Richmond protesters call for equal rights for foreign workers

People from around Richmond and the Lower Mainland held a rally in the city Saturday to call on Ottawa to grant greater rights and protections to foreign farm and other temporary workers.

The protest – held outside Steveston-Richmond East MP Kenny Chiu’s office – was organized by Richmond resident Karina Reid, part of a series of rallies held across the country Saturday under the auspices of the Migrant Rights Network.

Other rallies were held in Toronto and Montreal.

The group – made up of people from Richmond, New Westminster, Coquitlam and Burnaby – each shared their thoughts on why they attended the rally.

For example, that migrant workers come to Canada to do jobs that Canadians "don't want to do," said Reid, and then aren't given equal rights and status.

“We don’t give them rights to healthcare, we don’t give them rights that they deserve. It’s not just farm workers, it’s also care workers. Many women come here to take care of Canadians’ kids, and are fighting for those rights to status as well.”

That includes rights to time off and sick leave, said Reid.

While issues surrounding migrant workers are long-standing, they've been highlighted by COVID-19, which Reid said is the “silver lining” of the pandemic.

“The silver lining of the COVID crisis is that it is highlighting the discrimination that we have in our country, and that we must do better and we can’t go back to where we were before…we should not be creating such horrible human rights violations.”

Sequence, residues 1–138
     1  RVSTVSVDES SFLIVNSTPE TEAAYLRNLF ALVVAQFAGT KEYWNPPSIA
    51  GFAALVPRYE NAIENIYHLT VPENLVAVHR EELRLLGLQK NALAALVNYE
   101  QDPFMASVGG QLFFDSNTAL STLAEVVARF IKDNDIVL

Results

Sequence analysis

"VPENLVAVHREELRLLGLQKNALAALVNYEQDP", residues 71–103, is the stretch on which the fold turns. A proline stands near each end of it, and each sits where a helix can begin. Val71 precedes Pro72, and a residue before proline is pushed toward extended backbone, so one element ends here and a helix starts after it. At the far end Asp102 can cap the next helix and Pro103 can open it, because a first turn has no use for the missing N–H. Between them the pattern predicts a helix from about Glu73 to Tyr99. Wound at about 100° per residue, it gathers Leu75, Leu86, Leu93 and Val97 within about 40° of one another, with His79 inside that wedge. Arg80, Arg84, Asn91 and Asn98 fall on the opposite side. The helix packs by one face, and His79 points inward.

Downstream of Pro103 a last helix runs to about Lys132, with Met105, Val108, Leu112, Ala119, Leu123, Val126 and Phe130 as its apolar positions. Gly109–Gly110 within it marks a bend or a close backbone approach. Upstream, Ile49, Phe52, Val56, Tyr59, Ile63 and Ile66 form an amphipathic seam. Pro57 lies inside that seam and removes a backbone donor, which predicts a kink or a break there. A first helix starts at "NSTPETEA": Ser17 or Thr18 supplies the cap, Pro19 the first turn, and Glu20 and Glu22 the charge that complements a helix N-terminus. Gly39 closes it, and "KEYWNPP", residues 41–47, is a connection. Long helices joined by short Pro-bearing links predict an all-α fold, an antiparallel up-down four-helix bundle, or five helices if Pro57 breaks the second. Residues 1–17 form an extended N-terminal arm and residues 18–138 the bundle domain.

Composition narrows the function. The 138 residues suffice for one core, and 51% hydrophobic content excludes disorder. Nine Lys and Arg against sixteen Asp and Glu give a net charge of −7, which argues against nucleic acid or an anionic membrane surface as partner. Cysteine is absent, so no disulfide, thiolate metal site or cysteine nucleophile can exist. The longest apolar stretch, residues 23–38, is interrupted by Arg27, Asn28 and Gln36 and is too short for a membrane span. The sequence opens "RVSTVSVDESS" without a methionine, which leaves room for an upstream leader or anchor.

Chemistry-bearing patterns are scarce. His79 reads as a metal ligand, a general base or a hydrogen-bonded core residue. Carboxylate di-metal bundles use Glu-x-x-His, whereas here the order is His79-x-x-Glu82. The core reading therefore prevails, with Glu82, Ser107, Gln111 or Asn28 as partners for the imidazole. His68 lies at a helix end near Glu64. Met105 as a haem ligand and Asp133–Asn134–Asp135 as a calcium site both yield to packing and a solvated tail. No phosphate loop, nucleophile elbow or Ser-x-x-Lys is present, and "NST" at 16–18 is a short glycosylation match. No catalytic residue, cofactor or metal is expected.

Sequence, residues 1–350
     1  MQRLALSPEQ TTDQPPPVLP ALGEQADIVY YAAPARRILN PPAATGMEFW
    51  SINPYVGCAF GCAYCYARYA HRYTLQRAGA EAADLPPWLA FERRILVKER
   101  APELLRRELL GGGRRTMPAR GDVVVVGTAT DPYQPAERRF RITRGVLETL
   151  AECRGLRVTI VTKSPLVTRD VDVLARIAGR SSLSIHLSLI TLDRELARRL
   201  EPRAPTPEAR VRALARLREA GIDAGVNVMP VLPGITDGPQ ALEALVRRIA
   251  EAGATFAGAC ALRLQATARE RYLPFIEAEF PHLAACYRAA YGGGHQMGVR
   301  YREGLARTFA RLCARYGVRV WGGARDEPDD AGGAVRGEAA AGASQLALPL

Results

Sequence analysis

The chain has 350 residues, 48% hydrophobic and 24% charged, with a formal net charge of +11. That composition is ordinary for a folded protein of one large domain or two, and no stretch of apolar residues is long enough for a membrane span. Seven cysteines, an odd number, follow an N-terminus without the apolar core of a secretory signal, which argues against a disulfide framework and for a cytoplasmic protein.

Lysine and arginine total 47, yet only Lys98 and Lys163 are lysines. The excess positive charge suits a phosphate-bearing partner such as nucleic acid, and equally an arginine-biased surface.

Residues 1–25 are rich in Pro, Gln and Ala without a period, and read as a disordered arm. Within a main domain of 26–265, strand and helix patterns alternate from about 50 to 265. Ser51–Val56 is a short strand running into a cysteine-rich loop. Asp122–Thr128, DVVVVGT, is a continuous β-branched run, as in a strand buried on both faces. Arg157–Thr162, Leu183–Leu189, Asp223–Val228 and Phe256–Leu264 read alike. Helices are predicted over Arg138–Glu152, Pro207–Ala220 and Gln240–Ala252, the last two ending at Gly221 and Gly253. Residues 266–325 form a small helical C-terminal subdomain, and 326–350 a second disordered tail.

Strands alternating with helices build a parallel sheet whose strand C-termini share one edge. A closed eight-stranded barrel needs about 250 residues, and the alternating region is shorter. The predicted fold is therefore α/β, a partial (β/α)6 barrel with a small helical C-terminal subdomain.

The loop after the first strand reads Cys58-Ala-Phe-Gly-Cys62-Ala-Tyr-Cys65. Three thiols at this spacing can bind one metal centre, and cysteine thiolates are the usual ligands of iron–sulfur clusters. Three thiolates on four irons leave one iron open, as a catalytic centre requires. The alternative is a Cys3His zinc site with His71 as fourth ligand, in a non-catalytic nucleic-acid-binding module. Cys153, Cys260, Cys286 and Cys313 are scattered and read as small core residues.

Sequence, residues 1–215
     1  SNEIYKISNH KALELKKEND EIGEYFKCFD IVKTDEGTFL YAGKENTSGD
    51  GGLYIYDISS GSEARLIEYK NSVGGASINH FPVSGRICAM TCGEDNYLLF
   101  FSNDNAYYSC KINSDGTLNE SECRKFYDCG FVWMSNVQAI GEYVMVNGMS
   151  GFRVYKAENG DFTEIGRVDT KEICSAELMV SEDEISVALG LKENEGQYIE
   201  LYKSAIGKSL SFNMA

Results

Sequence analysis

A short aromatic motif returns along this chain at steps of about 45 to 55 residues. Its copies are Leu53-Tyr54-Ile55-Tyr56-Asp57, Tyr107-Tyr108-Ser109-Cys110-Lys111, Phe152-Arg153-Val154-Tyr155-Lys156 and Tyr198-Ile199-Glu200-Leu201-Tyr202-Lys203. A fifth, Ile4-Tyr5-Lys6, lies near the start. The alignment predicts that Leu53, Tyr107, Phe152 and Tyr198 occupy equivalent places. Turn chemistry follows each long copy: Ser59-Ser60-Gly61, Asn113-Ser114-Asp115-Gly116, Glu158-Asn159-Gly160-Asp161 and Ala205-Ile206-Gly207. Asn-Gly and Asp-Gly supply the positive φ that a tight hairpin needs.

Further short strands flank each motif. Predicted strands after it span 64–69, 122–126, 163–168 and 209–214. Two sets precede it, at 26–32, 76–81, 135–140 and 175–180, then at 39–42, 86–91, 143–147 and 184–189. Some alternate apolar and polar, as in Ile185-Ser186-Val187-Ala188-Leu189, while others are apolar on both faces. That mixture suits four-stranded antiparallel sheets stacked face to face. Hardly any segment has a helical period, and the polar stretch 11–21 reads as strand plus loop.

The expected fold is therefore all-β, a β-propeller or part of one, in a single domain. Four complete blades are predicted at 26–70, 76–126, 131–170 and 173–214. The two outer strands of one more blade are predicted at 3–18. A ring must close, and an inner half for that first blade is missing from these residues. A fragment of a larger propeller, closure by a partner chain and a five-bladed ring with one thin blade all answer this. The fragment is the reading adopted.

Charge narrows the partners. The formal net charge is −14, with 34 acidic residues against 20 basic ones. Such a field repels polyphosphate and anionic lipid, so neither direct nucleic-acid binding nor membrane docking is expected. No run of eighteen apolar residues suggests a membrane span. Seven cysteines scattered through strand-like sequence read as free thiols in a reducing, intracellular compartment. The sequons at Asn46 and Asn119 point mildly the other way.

Reid said it’s important to highlight Richmond as an agricultural community, which also benefits from migrant workers, and she chose Chiu’s office for the rally as he is a member of the parliamentary Standing Committee on Citizenship and Immigration.

Chiu was not at the protest, she said, adding that she received an email from his office saying he is currently in Ottawa, and that the MP will bring the issue up at the next immigration committee meeting.

The Richmond News has reached out to Chiu’s office for comment.

The group, maintaining social distancing, also marched up and down the block chanting “Status for all, equal rights for all,” and some protesters decorated their vans for the rally.

Reid said she is also glad to see that protests have been organized locally in Richmond recently.

“I feel proud that Richmond is not waiting for Vancouver to host a protest, that we are coming together as a community, and basically saying, we are a great community, and let’s stand up for rights here in our own city.

So far this year, 4,348 workers have come to B.C. from Mexico through the Seasonal Agricultural Worker Program, and the Mexican consulate in B.C. expects that number to climb to 6,000 by season’s end.

That’s about the same number as in 2019, and represents the largest single nationality of temporary foreign agricultural workers in the province.

  • With files from Tri-City News
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